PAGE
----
George Fox

George Fox

What do I make of George Fox? I am reading his Journal, the story of his spiritual search and passionate preaching pilgrimage in the time of the English Civil War and beyond. He is the ‘founder’ of the Quaker movement, which emerged in the religious maelstrom of the 1600s.

He was convinced that the outward forms of religion, Christianity in particular, were a hindrance to a true spirituality. He condemned ‘steeplehouses’ and the ‘professors’ who were paid to minister in them. He believed wholeheartedly that the only spiritual authority was from within, what he often called the ‘inward Christ’. Fox knew the Bible intimately and often entered into disputes with those who had been formally educated for the ministry in Oxford or Cambridge. He was scathing in his criticism of their lack of genuine spiritual experience. He felt able to enter into the spirit of the prophets and apostles and so speak with power and authority. His own spiritual experience led him to be convinced that he was forgiven and so free from sin and guilt. He believed others could live in this same state. This was his message which found a resonance with groups that had already emerged at the time, particularly the Seekers, who worshipped in homes or outdoors, mainly in silence.

I can understand his passion and conviction having been a preacher and pastor for many years, often as a radical, theologically. The Church is not a building but the community of believers. Faith has to be lived not just recited in creeds. Much religious tradition has the effect of trapping people into conformist patterns of life. But this is not so revolutionary. What marks Fox out is his vitriolic criticism of the established church. He is passionate about changing those he meets from the error of their ways.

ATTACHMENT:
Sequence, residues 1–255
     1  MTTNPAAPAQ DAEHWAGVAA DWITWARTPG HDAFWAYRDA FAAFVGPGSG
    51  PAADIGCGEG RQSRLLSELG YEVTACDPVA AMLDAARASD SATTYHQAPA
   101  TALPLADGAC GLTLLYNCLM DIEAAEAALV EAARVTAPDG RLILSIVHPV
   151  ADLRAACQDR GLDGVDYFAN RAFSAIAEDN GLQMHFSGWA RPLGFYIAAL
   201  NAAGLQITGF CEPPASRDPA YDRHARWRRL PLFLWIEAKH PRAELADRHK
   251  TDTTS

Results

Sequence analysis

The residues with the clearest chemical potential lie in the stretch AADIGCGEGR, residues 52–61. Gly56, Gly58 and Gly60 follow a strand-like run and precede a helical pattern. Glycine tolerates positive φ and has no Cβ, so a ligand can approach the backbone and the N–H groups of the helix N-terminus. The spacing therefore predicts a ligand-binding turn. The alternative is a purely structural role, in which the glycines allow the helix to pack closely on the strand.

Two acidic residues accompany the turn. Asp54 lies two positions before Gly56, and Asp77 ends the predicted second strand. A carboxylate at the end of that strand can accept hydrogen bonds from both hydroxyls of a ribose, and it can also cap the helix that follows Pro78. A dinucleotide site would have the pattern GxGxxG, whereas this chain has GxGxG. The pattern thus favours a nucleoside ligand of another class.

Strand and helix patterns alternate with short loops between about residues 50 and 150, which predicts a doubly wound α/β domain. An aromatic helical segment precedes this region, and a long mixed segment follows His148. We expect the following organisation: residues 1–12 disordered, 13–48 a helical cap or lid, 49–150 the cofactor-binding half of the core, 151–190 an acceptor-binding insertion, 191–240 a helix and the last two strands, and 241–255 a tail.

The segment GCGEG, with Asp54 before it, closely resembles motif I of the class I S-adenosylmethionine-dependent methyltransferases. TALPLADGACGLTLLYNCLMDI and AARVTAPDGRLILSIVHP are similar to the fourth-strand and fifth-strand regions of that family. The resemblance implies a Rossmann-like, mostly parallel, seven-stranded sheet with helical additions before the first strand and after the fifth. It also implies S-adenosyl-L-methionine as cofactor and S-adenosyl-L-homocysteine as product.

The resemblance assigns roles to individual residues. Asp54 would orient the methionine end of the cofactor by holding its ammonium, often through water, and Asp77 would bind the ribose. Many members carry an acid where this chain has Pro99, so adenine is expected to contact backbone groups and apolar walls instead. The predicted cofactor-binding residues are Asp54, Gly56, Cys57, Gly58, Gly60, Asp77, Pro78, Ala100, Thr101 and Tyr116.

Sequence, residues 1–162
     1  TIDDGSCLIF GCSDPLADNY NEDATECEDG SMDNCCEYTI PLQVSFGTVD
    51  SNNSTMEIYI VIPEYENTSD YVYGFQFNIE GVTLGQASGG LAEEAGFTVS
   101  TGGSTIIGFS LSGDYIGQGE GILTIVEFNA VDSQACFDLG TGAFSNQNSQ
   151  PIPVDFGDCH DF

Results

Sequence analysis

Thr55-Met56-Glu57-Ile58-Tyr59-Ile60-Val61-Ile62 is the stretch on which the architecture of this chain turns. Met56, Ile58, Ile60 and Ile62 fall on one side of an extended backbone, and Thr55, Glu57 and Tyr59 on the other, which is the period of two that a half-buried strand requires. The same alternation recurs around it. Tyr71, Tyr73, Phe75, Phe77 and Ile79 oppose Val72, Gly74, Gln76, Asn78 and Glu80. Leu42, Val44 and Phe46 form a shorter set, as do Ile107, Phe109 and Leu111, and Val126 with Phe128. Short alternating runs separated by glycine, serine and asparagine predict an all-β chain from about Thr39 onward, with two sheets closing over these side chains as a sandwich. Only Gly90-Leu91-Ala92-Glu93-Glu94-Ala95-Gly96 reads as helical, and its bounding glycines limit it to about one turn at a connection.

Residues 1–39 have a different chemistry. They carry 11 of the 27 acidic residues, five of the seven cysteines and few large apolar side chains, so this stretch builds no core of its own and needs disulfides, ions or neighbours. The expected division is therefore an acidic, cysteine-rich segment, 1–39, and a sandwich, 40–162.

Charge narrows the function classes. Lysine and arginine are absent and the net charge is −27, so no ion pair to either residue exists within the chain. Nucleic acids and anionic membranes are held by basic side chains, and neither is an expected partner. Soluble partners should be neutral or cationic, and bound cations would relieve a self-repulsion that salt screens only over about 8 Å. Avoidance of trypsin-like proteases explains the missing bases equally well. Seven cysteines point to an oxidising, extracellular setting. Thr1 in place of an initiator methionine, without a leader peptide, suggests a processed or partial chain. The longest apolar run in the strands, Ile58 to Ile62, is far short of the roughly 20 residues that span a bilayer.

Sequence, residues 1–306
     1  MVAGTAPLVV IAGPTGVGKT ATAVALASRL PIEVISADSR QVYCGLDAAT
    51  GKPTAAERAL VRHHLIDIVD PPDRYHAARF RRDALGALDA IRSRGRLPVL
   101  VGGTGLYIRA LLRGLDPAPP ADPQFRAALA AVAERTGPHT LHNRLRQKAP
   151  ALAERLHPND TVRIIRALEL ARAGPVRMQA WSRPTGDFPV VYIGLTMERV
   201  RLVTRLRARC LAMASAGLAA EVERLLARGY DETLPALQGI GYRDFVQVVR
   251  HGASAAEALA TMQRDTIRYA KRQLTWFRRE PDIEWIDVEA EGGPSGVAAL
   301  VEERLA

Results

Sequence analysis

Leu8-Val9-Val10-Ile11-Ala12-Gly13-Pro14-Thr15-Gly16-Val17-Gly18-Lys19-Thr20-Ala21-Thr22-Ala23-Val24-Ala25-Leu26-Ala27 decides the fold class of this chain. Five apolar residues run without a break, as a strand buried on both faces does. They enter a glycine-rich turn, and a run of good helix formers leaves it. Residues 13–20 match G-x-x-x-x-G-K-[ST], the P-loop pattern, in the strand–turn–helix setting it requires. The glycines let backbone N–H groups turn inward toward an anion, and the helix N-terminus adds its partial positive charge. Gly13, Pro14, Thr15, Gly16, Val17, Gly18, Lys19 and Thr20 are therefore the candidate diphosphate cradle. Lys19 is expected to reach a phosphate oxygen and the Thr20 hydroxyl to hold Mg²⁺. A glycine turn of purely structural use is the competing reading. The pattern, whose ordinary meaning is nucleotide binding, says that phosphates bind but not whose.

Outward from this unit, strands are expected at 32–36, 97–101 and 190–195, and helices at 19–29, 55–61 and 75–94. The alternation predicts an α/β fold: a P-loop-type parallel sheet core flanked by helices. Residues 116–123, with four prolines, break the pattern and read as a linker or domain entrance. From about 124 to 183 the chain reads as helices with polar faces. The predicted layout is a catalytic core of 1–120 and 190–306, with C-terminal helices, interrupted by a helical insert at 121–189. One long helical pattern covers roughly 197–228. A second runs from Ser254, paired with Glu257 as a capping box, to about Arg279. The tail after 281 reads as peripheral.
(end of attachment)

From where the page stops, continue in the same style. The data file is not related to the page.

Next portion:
Is he a mad messiah figure? He certainly had powerful emotional traumas or spiritual experiences. But, he clearly also struck a chord in many people he met. They were convinced by what he said and by the way he lived. Other religious movements withered, but Quakers, Friends of the Truth, grew and have continued and spread, though the movement has evolved and is now very diverse.
Fox would find the Quakers in present day Britain very strange and would probably offer the same condemnation now as he did then to the ‘religious’. Quakers elsewhere in the world who are more evangelically Christian would probably be more akin to his liking.

I find myself, in responding to the Journal, feeling non-religious. I cherish still the effect that following Jesus of Nazareth has had on my life. But I can no longer accept the salvation story that lies at the heart of credal Christianity. I believe we should love each other and all that is. (I loved the stance that Dr Who took in the last episode, when he makes a stand with human beings because above all it is important to ‘be kind’.) The values of honesty, sustainability, mutual respect, which lie a the heart of love are the values we all should embrace.

I find the worship and witness of Quakers to be the best place for me to try to live out my spirituality. The community is not perfect and there are tensions around what we believe. But it still offers a home for ‘seekers’.

I attended an induction last Sunday of a dear friend of mine. It was in the tradition of the United Reformed Church, which is not far off Quakerism. There were oceans of words, a fine building, and professions of faith, all of which I could do without. But at its heart was a friend who feels called to preach a living word and offer kindness to those with spiritual, emotional and physical needs. I am happy to stand with him and all others who cherish the values of love and truth, who work for peace and justice, and who are open to partnership in creating a better world.

A passion for peace and a love of truth – perhaps there is more in common with George Fox than meets the eye.

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